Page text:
“It shall come about, the one who escapes from the sword of Hazael, Jehu shall put to death, and the one who escapes from the sword of Jehu, Elisha shall put to death. (1 Kings 19:17)
The sequence of Judgments upon Israel begins with an attack from King Hazel's army from Syria (the fire).  The invasion by the foreign army will begin the destruction of Israel (the earthquake).  Those that are left alive in the Land of Israel will then face the judgment of Jehu.  And the remainder will die the sin unto death from the Spiritual advance of Elisha (the windstorm).  Elisha did not literally slay.  He used the word of God as in (2 Kings 2:24).

The Lord further explained to Elijah that He would preserve 7,000 as the remnant in Israel.  There were 7,000 believers in Israel whom the Lord would preserve through the destruction of the nation under the Fifth Cycle of National Cursing.  This was "the remnant according to the election of grace" (Romans 11:4-5).  The number, 7,000 symbolizes categorical punishment.

Elijah Calls Elisha

Elijah left Mt. Horeb and proceeded north.  Elijah called (symbolically anointed) Elisha, but Elisha anointed Jehu over Israel and Hazael over Syria (2 Kings 8, 9).  Actually Elisha ordered one of the young prophets to anoint Jehu (2 Kings 9:6).  Hazael was simply told by Elisha that he would be king (2 Kings 8:13).

Elijah found Elisha at Abel-meholah on the west bank of the Jordan River in the region that belonged to the Tribe of Issachar.  The name means meadow of dancing.  Elisha was plowing with twelve yoke of oxen, which indicates a wealthy farmer.  There were 12 teams of oxen.  Elisha plowed with one team while his servants plowed with the other 11 teams.  Elijah passed by and threw his cloak to him.  The cloak was a sign of a prophet, and throwing him the cloak symbolized his call to the office of prophet.

Death of Ahab and Jezebel

Meanwhile, King Ahab tried to buy Naboth's vineyard, since it was next to the King's castle in Jezreel and Ahab wanted it for a vegetable garden.6  When Naboth refused to sell it, Ahab pouted and Jezebel took charge.  She ordered the execution of Naboth and his family, and Ahab took possession of the property.  The Lord sent Elijah to deliver a curse upon Ahab, the Evil King, and Jezebel, the Prostitute of Babylon (1 Kings 21:16-24).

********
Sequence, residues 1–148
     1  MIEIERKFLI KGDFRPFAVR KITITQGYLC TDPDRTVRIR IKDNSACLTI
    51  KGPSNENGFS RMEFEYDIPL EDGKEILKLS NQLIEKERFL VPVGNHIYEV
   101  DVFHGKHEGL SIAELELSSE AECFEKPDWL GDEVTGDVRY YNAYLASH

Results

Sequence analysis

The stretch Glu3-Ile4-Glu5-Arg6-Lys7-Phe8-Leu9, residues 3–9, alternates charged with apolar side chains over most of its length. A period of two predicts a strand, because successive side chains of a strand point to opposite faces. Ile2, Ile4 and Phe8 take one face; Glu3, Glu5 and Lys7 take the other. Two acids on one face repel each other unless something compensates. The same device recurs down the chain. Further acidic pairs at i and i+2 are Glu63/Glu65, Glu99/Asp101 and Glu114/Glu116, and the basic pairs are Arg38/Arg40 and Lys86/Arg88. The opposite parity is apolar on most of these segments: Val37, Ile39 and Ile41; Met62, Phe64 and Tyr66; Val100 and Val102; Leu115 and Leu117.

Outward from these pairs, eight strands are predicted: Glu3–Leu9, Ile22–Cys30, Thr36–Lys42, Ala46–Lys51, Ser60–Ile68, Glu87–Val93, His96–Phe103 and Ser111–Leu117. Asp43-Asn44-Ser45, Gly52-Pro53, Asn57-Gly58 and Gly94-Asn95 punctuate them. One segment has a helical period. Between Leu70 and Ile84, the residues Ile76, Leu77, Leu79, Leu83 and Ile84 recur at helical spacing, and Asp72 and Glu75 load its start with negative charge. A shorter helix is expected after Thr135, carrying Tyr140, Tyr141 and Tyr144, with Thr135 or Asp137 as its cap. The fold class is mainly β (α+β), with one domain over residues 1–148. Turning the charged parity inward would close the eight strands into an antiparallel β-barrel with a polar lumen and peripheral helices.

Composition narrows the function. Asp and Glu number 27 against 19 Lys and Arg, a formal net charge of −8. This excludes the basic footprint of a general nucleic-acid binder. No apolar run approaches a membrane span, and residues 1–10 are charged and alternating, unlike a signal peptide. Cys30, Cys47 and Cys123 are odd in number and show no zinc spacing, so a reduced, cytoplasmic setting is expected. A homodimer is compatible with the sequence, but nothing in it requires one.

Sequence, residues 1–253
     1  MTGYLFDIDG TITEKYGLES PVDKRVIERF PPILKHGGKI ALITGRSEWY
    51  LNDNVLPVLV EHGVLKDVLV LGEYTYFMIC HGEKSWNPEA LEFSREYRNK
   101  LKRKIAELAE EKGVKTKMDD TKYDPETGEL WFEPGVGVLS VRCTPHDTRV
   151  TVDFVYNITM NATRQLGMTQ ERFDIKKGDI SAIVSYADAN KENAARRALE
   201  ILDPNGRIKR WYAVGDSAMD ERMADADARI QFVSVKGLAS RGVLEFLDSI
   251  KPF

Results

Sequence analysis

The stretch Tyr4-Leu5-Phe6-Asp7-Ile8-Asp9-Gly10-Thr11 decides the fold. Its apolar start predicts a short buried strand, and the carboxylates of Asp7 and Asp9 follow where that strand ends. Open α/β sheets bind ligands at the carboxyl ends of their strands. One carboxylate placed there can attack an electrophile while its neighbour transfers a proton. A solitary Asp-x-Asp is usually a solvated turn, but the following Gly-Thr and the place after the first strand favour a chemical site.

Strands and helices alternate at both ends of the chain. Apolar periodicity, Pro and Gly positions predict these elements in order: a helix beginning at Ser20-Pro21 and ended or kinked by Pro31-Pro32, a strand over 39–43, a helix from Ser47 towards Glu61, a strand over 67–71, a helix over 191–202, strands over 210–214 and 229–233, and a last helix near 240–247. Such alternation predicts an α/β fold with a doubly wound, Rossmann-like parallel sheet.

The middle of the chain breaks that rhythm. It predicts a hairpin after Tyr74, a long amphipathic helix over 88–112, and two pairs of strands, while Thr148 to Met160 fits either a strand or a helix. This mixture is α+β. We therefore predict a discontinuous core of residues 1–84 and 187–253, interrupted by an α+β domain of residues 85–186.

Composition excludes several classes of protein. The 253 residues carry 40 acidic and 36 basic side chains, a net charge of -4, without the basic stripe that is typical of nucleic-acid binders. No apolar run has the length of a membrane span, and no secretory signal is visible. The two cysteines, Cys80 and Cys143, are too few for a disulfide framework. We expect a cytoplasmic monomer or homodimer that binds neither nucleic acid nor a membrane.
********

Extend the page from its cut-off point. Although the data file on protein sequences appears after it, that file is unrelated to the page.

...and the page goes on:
"And you shall speak to him, saying, 'Thus says the LORD, "Have you murdered, and also taken possession?"' And you shall speak to him, saying, 'Thus says the LORD, "In the place where the dogs have licked the blood of Naboth, the dogs, they will also lick your own blood."'" (1 Kings 21:19)
This verse was fulfilled in 1 Kings 22:38 when the dogs licked up Ahab's blood in Samaria - not Jezreel - after he was killed in battle (1 Kings 22:29-38).  The LORD had mercy on Ahab when he repented after he heard the LORD's curse from Elijah (1 Kings 21:27-29).  The dogs licked up Ahab's blood at the pool where the prostitutes bathe.  The curse of verse 19 was literally fulfilled in the case of Ahab's son, Joram, whose corpse was cast into Naboth's piece of ground (2 Kings 9:25-26).

Elijah met King Ahab when he went to Jezreel to take possession of Naboth's property and delivered the LORD's curse to Ahab. Elijah said:

"Behold, I will bring evil upon you, and will utterly sweep you away, and will cut off from Ahab everyone who urinates against a wall, both bond and free, in Israel; (1 Kings 21:21)
Elijah told Ahab that the LORD would totally sweep away Ahab and cut off every male from his family, and the dogs would eat Jezebel.
"And of Jezebel also has the LORD spoken, saying, 'The dogs shall eat Jezebel in the town-land (district) of Jezreel.' (1 Kings 21:23)
The curses upon Jezebel and the sons of Ahab were repeated when Jehu was anointed king of Israel (2 Kings 9:6-10).

Ahaziah's Death

When Ahab was killed in battle, he was succeeded by his son, Ahaziah (1 Kings 22:40).

Ahaziah fell through the lattice in his upper chamber which was in Samaria and was injured. So he sent messengers and said to them, "Go, inquire of Baal-zebub, the god of Ekron, whether I shall recover from this sickness."
Baal-zebub, or Baalzebub, means lord of the flies.  Baalzebub is a name for Satan as the ruler of the demons. Baalzebub also rules the demon commander, Baal.  Baalzebub is the same as the Greek Beelzeboul, lord of dung (Matthew 12:24), since flies come from dung.  Symbols of Baalzebub include a spider, dragonfly, bat, and martin.

The Angel of the Lord, the preincarnate Christ, sent Elijah to intercept the King's messengers and tell them that since Ahaziah had sought the counsel of Baalzebub and not the prophet of the Lord, he would die.  The sin unto death involves a relationship with a prophet, or pastor-teacher in the Church Age. The messengers returned and gave Ahaziah the message:

And they said to him (Ahaziah), "A man came up to meet us and said to us, 'Go, return to the king who sent you and speak specifically to him, "Thus says the Lord, 'Is it because there is no God in Israel that you are sending to inquire of Baal-zebub, the god of Ekron? Therefore, the bed on which you have gone up there, you will not come down from it because dying you shall die.'" (2 Kings 1:6)